What to do next when a warranty is no guarantee
- Published On
- April 24, 2023
Written by: Graham Heeps – Automotive, Technical, and Business Writer
OMVIC’s compensation fund can help when a failed dealer has not registered your third-party warranty or offers a warranty and then goes out of business.
It’s always exciting to purchase a new vehicle but, a few years and several thousand kilometers after that initial excitement has worn off, many find themselves facing eye-watering repair bills. Adding an extended warranty when you purchase a new vehicle may help to avoid nasty surprises. A planned, predictable outlay upfront is often more manageable than an unexpected bill that might be hard to pay in the future.
Imagine how it would feel, then, if a year or two later, that nasty surprise turned up all the same. Your car now needs a major engine repair but when you submit the warranty claim to have your costs reimbursed, you discover that the provider has no record of the policy or the dealer offering the warranty has gone out of business.
In a previous article, we saw how a dealer’s failure to pay off a lien against a trade-in vehicle leads to problems for a new vehicle buyer and represents a major reason for the compensation fund administered by OMVIC, Ontario’s Motor Vehicle Sales Regulator, to pay out to consumers who have incurred financial loss. Unfortunately, warranty non-submittal and warranty failure are additional scenarios regularly encountered by the compensation fund team.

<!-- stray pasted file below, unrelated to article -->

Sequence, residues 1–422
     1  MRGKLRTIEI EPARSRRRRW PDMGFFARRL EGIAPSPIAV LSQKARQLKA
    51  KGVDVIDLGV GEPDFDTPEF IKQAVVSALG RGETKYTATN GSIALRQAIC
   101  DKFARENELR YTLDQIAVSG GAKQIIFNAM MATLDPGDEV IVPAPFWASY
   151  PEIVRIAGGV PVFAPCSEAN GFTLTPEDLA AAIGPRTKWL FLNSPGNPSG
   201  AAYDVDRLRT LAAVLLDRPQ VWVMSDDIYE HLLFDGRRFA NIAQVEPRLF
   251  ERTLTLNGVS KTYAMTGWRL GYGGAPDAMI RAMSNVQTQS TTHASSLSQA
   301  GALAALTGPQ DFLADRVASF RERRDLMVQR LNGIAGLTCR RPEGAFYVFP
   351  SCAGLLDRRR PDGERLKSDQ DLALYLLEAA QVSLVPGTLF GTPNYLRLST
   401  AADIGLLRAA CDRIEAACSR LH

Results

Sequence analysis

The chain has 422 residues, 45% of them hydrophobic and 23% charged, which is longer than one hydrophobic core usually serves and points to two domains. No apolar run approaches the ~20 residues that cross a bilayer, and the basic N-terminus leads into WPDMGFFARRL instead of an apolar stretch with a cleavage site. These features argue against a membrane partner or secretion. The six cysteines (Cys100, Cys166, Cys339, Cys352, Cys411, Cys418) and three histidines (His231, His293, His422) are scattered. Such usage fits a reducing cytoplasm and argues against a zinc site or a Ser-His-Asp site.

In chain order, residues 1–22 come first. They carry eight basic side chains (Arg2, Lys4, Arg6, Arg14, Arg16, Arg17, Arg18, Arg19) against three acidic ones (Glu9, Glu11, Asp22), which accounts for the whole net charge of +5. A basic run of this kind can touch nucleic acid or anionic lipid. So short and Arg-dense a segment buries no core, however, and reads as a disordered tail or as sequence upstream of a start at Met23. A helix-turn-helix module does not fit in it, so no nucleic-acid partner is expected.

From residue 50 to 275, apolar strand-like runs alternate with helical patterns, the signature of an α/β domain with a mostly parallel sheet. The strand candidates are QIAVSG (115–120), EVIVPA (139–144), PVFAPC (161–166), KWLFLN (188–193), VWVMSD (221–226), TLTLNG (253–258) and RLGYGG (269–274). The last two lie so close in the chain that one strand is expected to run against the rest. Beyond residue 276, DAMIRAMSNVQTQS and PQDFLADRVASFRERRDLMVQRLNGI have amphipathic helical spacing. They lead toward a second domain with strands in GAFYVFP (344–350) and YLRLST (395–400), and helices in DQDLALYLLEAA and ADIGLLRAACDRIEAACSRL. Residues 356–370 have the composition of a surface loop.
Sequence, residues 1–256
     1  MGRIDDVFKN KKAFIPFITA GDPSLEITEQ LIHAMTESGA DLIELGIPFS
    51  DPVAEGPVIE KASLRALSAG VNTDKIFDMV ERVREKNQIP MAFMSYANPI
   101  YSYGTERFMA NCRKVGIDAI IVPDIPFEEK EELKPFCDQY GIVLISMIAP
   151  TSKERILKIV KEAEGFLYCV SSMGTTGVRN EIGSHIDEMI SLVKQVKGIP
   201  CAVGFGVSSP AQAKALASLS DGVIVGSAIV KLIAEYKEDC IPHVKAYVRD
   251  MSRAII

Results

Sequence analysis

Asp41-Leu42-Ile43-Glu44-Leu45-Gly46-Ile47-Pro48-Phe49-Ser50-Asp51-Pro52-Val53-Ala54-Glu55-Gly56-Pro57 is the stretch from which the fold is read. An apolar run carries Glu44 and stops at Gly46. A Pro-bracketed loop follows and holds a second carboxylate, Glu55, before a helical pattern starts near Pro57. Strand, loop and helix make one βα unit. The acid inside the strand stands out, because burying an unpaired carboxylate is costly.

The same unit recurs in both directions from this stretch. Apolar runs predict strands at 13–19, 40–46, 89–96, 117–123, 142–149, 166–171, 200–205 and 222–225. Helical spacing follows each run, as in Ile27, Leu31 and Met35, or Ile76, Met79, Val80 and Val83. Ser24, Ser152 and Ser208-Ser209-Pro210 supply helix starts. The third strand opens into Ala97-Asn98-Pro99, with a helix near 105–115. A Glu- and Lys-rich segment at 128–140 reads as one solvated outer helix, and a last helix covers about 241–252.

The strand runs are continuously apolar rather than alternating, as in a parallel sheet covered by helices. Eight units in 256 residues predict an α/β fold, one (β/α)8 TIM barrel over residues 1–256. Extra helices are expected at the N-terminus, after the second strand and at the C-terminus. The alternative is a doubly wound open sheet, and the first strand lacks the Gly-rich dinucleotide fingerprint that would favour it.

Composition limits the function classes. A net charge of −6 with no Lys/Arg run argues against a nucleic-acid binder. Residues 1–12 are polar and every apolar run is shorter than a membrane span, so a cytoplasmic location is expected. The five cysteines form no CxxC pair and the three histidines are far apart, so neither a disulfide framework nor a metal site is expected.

In most cases, when you purchase a third-party warranty, the dealer is legally responsible for submitting payment for that policy to the warranty provider within seven days of the transaction. Most dealers are diligent in fulfilling their obligations. But assuming that the process has been completed could still lead to problems in the future, according to David Dailly, OMVIC’s director of the compensation fund.
“We’re currently dealing with two major dealer failures,” he explains. “In both cases, consumers have been left without a warranty that they paid for. This in turn will have a significant impact on the compensation fund.
“I’d advise that whenever a customer purchases an extended warranty, they proactively follow up with the warranty provider to ensure that payment has been received and that they have an active policy,” he continues. “Double-checking that process at the start could save the customer considerable anxiety, effort and potential financial loss at a later date.”
OMVIC’s compensation fund is supported by contributions from its registered dealers. It exists to compensate customers who have incurred financial loss through no fault of their own, within prescribed eligibility criteria – including when a dealer has failed to remit payment on an extended warranty contract, or has not paid for a repair covered that would have been covered under the warranty. If you think you might be in line for compensation, Dailly recommends you first reach out to his compensation fund team to confirm eligibility. The application form is available to download from the OMVIC website and his team can talk you through the process of filling and submitting the form.
In all cases, buying from an OMVIC-registered dealer offers the best protection because the compensation fund does not pay out on vehicles bought privately. As ever, a vehicle history check such as CARFAX, before you buy, should also highlight any major causes for concern in the vehicle’s past and provide peace of mind around your prospective purchase.
Another great tip in this busy season for car-buying is to ensure that all the terms of the sale are written explicitly in the contract as there is no cooling-off period on vehicle sales in Ontario. It’s easier and cheaper to take some time to avoid an issue upfront, rather than to try to fix it after the event, even when a dealer has engaged in dishonest behaviour.